Various Artists

Rare Hot Dance: Music of the 1920s & 30s

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Released during the summer of 2001, Vintage Music Productions' Rare Hot Dance compilation rescues two-dozen delightfully dated audio artifacts from the dim margins of early 20th century cultural history. The time line extends from June 1924 through August 1931. Dance bands during this period enabled struggling musicians to earn a living by negotiating arrangements that combined the sweetness of traditional pop with elements of hot jazz. Almost every one of the leaders handled some sort of instrument, and during the golden age of jazz-infused dance bands, it was quite common for the person directing the orchestra to brandish a violin. Leaders represented here who fit into that category are Ben Selvin, Tal Henry, Cass Hagan, Paul Specht, and Milt Shaw. Ellis Stratakos and Blue Steele were trombonists, while Gene Kardos, Doc Daugherty, Rudy Vallée, Hal Kemp, and Roger Wolfe Kahn blew clarinets and/or saxophones.

The intoxicating charm that may be found in dance band recordings of this vintage is generated here by the presence of skilled jazz musicians and period pop vocalists. Ray Miller's Orchestra, responsible for "Where Is That Old Girl of Mine," employed trombonist Miff Mole and C-melody saxophonist Frankie Trumbauer. "Oh, How I Love My Darling," performed by a group billed as the Ambassadors, had vocalist Irving Kaufman backed by Mole, trumpeter Phil Napoleon, reedman Jack Pettis, pianist Frank Signorelli, and legendary tuba technician Joe Tarto. "Varsity Drag" was sung by Franklin Bauer, Lewis James, and Elliott Shaw. Listen to the cornetist and you may recognize Red Nichols. Miff Mole, who like Nichols participated in an enormous number of recording sessions during this period, is heard again on "Say Yes Today," along with guitarist Eddie Lang and pianist Arthur Schutt. "Be My Baby" was recorded in Memphis by the Blue Steele Orchestra, with Sonny Clapp playing second-chair trombone and reedman Kenny Sargent delivering a sweet vocal.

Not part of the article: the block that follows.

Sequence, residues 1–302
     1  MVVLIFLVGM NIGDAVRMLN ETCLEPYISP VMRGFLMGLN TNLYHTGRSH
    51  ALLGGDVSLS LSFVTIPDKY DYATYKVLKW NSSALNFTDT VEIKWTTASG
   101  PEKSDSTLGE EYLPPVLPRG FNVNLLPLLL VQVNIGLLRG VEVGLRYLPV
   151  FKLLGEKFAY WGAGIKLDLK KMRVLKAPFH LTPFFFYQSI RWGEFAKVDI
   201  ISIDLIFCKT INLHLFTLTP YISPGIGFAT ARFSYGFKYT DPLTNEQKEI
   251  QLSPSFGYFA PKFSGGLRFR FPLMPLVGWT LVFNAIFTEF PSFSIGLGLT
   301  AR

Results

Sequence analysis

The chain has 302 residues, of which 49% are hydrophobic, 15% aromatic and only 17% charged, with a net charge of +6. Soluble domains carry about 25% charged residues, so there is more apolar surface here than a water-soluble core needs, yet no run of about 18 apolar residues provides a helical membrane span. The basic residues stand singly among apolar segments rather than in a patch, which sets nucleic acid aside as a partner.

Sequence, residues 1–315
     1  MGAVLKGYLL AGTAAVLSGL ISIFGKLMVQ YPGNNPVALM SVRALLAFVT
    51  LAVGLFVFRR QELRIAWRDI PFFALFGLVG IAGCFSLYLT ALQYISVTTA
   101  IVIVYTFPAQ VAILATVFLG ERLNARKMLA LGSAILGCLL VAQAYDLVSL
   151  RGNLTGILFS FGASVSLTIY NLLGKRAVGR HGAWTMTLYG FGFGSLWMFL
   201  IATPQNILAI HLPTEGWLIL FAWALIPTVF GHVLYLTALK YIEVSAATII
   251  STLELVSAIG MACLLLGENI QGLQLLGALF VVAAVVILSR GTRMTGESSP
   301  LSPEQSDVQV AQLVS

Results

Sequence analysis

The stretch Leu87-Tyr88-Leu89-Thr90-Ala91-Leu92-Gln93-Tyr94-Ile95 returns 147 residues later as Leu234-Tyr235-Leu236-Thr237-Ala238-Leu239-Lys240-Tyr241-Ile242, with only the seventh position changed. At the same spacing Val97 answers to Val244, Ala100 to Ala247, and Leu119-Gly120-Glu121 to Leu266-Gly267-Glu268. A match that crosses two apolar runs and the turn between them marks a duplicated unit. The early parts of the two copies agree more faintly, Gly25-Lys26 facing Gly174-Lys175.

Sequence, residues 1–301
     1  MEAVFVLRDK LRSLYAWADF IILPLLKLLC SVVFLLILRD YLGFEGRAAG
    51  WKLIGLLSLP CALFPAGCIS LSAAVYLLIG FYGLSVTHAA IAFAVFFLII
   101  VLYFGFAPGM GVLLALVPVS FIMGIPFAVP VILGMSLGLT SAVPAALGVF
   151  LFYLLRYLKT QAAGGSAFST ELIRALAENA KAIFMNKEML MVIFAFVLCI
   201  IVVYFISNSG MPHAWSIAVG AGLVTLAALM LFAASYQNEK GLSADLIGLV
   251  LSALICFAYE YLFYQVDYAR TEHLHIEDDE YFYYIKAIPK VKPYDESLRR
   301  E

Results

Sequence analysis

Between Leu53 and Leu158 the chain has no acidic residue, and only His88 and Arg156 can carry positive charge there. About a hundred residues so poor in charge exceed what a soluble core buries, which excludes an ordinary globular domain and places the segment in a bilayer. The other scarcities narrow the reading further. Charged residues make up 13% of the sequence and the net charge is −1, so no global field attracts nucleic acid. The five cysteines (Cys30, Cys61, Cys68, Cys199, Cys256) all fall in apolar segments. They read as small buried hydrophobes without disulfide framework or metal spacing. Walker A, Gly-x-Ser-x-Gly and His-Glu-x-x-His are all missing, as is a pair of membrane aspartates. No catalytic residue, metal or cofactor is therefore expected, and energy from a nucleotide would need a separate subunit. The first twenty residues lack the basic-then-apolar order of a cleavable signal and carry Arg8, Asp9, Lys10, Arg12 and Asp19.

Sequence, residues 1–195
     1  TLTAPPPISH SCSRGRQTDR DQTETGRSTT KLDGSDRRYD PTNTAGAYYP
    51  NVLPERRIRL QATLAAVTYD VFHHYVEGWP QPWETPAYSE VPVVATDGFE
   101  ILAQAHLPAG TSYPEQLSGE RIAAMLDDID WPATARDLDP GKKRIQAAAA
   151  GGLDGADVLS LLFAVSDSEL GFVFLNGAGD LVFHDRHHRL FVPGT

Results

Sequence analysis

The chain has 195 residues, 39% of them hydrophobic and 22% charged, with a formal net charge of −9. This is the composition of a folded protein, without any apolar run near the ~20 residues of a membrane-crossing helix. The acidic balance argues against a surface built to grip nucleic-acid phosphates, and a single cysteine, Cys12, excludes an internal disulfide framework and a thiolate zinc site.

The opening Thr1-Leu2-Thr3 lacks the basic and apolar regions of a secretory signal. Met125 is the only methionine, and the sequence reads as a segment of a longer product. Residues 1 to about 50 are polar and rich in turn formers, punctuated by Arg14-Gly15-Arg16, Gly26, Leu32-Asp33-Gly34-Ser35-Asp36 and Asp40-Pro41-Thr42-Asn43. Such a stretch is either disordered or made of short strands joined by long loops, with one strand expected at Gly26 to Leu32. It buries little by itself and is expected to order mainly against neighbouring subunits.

"Everybody and You," from the stage show Napoleon Passes, was performed in 1928 by the Princeton Triangle Jazz Band, a superb collegiate outfit sporting a smooth sax section led by cornetist Bill Priestley and squeezebox virtuoso Squirrel Ashcraft. Unfortunately, although Squirrel was one of the earliest jazz accordionists (second only to Buster Moten), he did not solo on this particular recording, nor did Priestley display his remarkable facility with the tenor guitar as he did elsewhere. Seasoned listeners may note that "Everybody and You" bears some resemblance to Bix and Tram's recording of "Three Blind Mice." Beiderbecke was clearly Priestley's main influence.

On closer scrutiny, fascinating details emerge from this collection like protozoans teeming under a microscope. Hal Kemp's band, for example, included a violinist named Bromo Selser, as well as pianist and arranger John Scott Trotter, soon to become nationally famous as leader of the band behind Bing Crosby. The vocalist with Ellis Stratakos & His Hotel Jung Orchestra has been identified as guitarist Fred Loyacano. "The New Yorkers" was a pseudonym used by various bands. The unit performing "Go Get ‘Em Caroline" under that name remains anonymous. "You're Simply Delish" was played by pianist Joel Shaw's Orchestra masquerading as "The High Steppers". Shaw was the pianist with the Gene Kardos Orchestra backing pop singer Dick Robertson on "Red Headed Baby," and the vocal on "You Said It" was by Helen Rowland and Paul Small. This marvelous anthology of entertaining music from a bygone era, which has been thoroughly marinated by the passage of time, is perfectly suitable for all occasions.

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